I am a frequent Swedish listener who have some questions about the PUUV-Virus. In 2008 I was lucky to get hemorrhagic fever with renal syndrome caused by the PUUV-Virus (large outbreak between 2007-2008, due to peak in vole cycle). Why I addressed myself as “lucky” is because I did my MsC thesis in zoonoses (Borrelia burgdorferi), and I feel great about having tried it. I have also tried borreliosis, but that was not as nearly as painful as my light hemorrhagic fever. In Sweden the PUUV-Virus only persists in the Northern regions, and about 50-2000 cases are reported yearly. The reservoir of the virus here in Sweden is bank voles (Myodes glareolus).
Anyway, my question is:
- Could you guys dedicate some time to explain the micro- / molecular biology and pathogenesis of these viruses and maybe the Swedish variant which humoristically are called “North Land Ebola”?
- Do you know any post disease symptoms (years after the infection)?
My masters student daughter was assigned to listen to TWIV.
As the great father that I am, uhem, cough, I have made her aware of TWIV, TWIM, and TWIP since I started listening, several years ago.
She sent a text to me saying, “I chose #356, Gut Viriome in children who are malnourished.”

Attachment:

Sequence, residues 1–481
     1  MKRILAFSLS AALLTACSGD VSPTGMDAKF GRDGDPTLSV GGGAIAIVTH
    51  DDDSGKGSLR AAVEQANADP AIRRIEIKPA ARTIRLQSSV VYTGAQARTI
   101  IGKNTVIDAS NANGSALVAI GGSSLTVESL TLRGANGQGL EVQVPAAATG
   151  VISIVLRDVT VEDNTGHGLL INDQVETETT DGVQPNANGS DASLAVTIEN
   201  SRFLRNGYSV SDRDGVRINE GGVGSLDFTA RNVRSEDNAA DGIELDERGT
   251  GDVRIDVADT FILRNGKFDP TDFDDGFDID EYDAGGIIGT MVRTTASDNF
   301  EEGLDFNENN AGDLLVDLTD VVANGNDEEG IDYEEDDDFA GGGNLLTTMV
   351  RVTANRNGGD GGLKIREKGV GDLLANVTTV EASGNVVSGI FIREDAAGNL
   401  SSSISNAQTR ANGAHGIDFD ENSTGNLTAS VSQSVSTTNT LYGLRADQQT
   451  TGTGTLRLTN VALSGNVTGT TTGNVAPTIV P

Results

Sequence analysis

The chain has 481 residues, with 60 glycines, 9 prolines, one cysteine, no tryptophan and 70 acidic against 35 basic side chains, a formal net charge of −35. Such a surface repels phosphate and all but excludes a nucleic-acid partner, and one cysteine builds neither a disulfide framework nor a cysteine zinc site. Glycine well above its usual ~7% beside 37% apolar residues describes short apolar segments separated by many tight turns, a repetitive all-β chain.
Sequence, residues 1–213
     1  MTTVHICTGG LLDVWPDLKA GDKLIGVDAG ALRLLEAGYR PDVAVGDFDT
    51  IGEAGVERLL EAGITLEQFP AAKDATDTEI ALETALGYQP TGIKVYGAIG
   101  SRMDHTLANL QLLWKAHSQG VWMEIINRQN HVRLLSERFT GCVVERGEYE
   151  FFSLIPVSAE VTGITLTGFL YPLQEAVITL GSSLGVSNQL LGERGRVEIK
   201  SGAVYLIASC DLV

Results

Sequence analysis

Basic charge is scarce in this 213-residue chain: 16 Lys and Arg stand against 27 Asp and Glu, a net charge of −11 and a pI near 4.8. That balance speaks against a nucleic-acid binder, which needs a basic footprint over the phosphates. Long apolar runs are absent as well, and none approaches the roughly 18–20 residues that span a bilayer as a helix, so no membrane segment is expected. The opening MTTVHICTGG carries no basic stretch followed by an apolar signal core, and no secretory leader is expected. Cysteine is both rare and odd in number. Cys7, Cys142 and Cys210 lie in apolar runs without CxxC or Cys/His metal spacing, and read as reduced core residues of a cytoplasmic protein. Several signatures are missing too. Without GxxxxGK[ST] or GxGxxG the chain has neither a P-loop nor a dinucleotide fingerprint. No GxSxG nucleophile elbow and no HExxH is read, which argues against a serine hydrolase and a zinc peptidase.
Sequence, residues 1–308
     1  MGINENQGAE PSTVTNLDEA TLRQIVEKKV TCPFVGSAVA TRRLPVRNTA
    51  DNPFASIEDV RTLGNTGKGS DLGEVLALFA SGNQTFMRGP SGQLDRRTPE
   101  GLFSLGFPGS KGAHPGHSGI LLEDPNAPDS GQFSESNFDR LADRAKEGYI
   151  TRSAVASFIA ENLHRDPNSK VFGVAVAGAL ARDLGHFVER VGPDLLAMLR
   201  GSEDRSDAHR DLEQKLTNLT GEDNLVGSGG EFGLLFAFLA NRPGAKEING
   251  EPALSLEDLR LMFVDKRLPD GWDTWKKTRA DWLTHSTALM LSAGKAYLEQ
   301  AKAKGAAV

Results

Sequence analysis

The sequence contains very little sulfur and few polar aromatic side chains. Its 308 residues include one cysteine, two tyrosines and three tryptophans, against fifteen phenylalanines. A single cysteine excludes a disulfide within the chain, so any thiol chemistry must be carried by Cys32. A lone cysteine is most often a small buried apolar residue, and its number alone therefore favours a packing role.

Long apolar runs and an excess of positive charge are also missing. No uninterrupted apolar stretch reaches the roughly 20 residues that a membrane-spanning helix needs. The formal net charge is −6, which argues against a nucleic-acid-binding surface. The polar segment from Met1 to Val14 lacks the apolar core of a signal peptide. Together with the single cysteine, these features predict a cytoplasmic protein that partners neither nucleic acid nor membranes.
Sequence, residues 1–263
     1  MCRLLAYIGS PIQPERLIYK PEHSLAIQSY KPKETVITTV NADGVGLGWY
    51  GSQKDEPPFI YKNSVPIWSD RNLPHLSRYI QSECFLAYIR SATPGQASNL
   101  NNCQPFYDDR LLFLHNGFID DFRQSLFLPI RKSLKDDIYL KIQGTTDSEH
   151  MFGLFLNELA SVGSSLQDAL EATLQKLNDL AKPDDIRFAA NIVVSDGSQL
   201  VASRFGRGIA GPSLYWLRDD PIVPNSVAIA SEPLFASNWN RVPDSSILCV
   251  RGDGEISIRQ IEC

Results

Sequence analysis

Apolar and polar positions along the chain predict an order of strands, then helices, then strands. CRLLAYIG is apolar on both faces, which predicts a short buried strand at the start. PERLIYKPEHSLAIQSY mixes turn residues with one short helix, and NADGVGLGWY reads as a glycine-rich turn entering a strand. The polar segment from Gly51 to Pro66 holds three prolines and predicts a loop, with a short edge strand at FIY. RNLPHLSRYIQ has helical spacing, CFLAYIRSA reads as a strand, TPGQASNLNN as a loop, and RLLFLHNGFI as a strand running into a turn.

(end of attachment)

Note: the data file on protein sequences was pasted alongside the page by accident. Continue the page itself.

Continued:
Trying to sound half as smart as my daughter, –Wiki, and I wrote back,
“as opposed to virome which more commonly refers to a collection of nucleic acids contained by viruses in a microbiome.”
Her texted response, “Oh, typo on my part,”
That was not my point, but now I have to ask,
Did you use Viriome when you should have used Virome?
She’s thinks you have it right, but I think that was a quick way to say I don’t really care dad!, vs trying find the answer, I think you got it wrong.
What do you say?
Long time listener, you often put me to sleep, (at night.) 🙂
TWiV Weather report — an ancient tradition?
I wanted to submit this article from the Guardian for a pick of the week:
The content isn’t groundbreaking for TWIV but I thought you’d appreciate the headline and it gives Vincent and Alan (and everyone else) a chance to talk about the state of polio eradication (unless you’ve done that recently–I’m not currently caught up).